Why Are Regional Conservationists Not Supporting the Northern Rockies Ecosystem Protection Act? 

The proposed legislation is easily the most ecological, economic, and ethical conservation bill introduced into Congress.

The Northern Rockies Ecosystem Protection Act or NREPA was once again introduced into Congress by Rep. Carolyn Maloney from New York last month. NREPA would protect all the remaining roadless lands in the Northern Rockies by designation under the 1964 Wilderness Act. Conservation scientists recognize Wilderness as the “Gold Standard” for land protection.

Hells Canyon
Hell's Canyon, a 10-mile-wide canyon located along the border of eastern Oregon, eastern Washington and western Idaho, is North America's deepest river gorge. The bill, if passed, would also create a Hells Canyon National Park and Preserve in Oregon and protect several other iconic wild places in the Northern Rockies. Photo by Nan Palmero.

Iconic wild places that would receive permanent protection includes Scotchman's Peak, Meadow Creek, and Lost River Range in Idaho, the Great Burn, Big Snowies, and the Gallatin Range in Montana, the Palisades and Wyoming Range in Wyoming, and the Kettle Range in Washington. The bill, if passed, would also create a Hells Canyon National Park and Preserve in Oregon.

In addition to protecting these wilderness areas, it would designate and protect more than 1,800 miles of rivers under the Wild and Scenic Rivers Act.

NREPA would protect the best of the best wildlands in the United States and help ensure that ecological integrity of our ecosystems is conserved. It would help recover and preserve the high-quality habitat for endangered species like bull trout, grizzly bear, and lynx, as well as other iconic species like elk, moose, and bighorn sheep.

It would help to battle climate heating by keeping our forests intact rather than logging them, which has been shown to release tremendous amounts of carbon into the atmosphere.

NREPA protects the quality of life attributes that depend on the three Ws — wildlife, watersheds, and wildlands — that are foundational to the new creative and amenity-based economy of the region. And it saves taxpayers funds from being wasted on money-losing timber sales (nearly all logging on federal lands costs more to administer than the government receives in payment for the timber). Finally, it requires the ecological restoration of more than a million acres, providing jobs for rural communities.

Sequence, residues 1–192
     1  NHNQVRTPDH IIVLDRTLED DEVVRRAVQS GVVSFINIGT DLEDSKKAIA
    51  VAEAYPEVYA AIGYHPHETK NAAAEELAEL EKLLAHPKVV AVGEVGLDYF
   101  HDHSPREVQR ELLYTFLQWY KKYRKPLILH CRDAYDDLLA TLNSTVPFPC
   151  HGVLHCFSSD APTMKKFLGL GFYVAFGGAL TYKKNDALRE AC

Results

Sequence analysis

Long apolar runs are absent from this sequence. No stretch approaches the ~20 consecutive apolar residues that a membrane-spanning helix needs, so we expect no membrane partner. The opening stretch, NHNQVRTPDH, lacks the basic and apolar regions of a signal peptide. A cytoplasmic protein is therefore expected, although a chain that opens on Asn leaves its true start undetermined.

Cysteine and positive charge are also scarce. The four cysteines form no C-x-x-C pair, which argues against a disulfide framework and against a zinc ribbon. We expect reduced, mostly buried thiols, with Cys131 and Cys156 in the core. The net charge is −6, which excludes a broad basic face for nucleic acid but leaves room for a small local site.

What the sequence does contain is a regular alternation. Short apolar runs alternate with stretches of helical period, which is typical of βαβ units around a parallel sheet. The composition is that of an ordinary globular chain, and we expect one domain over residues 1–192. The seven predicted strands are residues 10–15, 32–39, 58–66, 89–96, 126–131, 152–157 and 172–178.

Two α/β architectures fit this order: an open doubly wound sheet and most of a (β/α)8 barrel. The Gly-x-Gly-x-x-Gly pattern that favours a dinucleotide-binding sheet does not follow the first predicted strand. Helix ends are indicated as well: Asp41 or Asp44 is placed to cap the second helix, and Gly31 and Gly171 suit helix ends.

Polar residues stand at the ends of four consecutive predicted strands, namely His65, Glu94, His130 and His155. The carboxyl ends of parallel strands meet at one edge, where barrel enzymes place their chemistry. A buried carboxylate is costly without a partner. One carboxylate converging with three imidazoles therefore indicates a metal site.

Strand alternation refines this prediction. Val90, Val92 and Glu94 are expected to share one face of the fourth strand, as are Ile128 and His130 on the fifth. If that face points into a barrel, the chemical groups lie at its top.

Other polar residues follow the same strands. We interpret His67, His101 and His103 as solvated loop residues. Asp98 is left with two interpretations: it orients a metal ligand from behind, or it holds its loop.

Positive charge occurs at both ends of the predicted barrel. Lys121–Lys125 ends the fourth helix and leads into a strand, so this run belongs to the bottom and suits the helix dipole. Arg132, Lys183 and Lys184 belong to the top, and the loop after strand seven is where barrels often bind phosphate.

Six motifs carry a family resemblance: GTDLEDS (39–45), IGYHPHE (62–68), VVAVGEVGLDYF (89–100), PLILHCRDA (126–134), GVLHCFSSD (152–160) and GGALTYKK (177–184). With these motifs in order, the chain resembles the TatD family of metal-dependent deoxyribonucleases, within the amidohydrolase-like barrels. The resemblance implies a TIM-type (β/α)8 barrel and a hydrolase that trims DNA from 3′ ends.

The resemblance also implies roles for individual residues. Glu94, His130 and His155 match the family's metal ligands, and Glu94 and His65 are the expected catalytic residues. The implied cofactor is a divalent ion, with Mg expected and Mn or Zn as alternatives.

Since these federal lands belong to all Americans, it is not surprising that in past iterations, more than 184 Congressional representatives were co-sponsors, and recently the legislation has also enjoyed support in the Senate.

So, what’s not to like about NREPA and why isn’t it being publicized? If you are a member of many of the regional “wilderness” groups, you probably haven’t heard about what is the boldest, but also most ecologically defensible conservation legislation of the past decades. Surprisingly many of the region’s conservation organizations do not support NREPA even when they suggest their goal is to promote wilderness designation across the region.

Whenever I have queried these organizations why they fail to support and promote what is easily the most ecological, economic and ethical conservation legislation introduced into Congress, they always tell me it won’t pass Congress.

Well, that surely is a self-reinforcing loop. Yes, if few conservation groups promote or support NREPA, the legislation faces strong headwinds. The fact that NREPA gets as much backing as it does despite this lack of assistance from regional and national “wilderness” groups demonstrates how attractive the legislation is for many Americans.

Ironically, naysayers expressed the same doubts about past conservation efforts criticizing such efforts as too “ambitious” or too “radical.” What is radical about trying to preserve biodiversity and wildlife habitat?

If we had listened to these past negative views, we would not have a 2.3 million-acre River of No Return Wilderness in Idaho, or the nearly 1 million-acre Absaroka Beartooth Wilderness in Montana, or the 1.2 million-acre North Cascades National Park/Glacier Peak Wilderness complex in Washington, as well as the even more ambitious Alaska Lands Act that created more than a 104 million acres of new national parks, wilderness and refuges in Alaska.

Tragically many of today's conservation groups lack vision and even an understanding of conservation science. Whether NREPA would never pass Congress is unknown unless you try. Unfortunately, most of the regional conservation groups seem too afraid to try, much less work hard to protect wildlands. Instead, they rely on collaboratives that give away prime wildlands to achieve partial, if any additional protection of our wildlands.

NREPA is like a puzzle. One can support NREPA while promoting wilderness for individual parts of NREPA, thus assembling the whole piece by piece as some groups do.

NREPA is legislation that recognizes that what the roadless lands in the Northern Rockies do best is provide exceptional wildlife habitat and clean water. They are some of the best wildlands ecosystems left in the world. NREPA supporters recognize those superlative values and seek to ensure that what we have today will be here in the future.

I am reminded of another “radical” named Henry David Thoreau. Ralph Waldo Emerson who bailed Thoreau out of jail for protesting slavery and the Mexican War by refusing to pay a poll tax is reputed to have said: “Henry why are you in there?” Upon which Thoreau replied, “Ralph why are you not here?”

And so I ask the reluctant conservation groups to rethink their stance on NREPA and start standing with wilderness, instead being an obstacle to wilderness designation.

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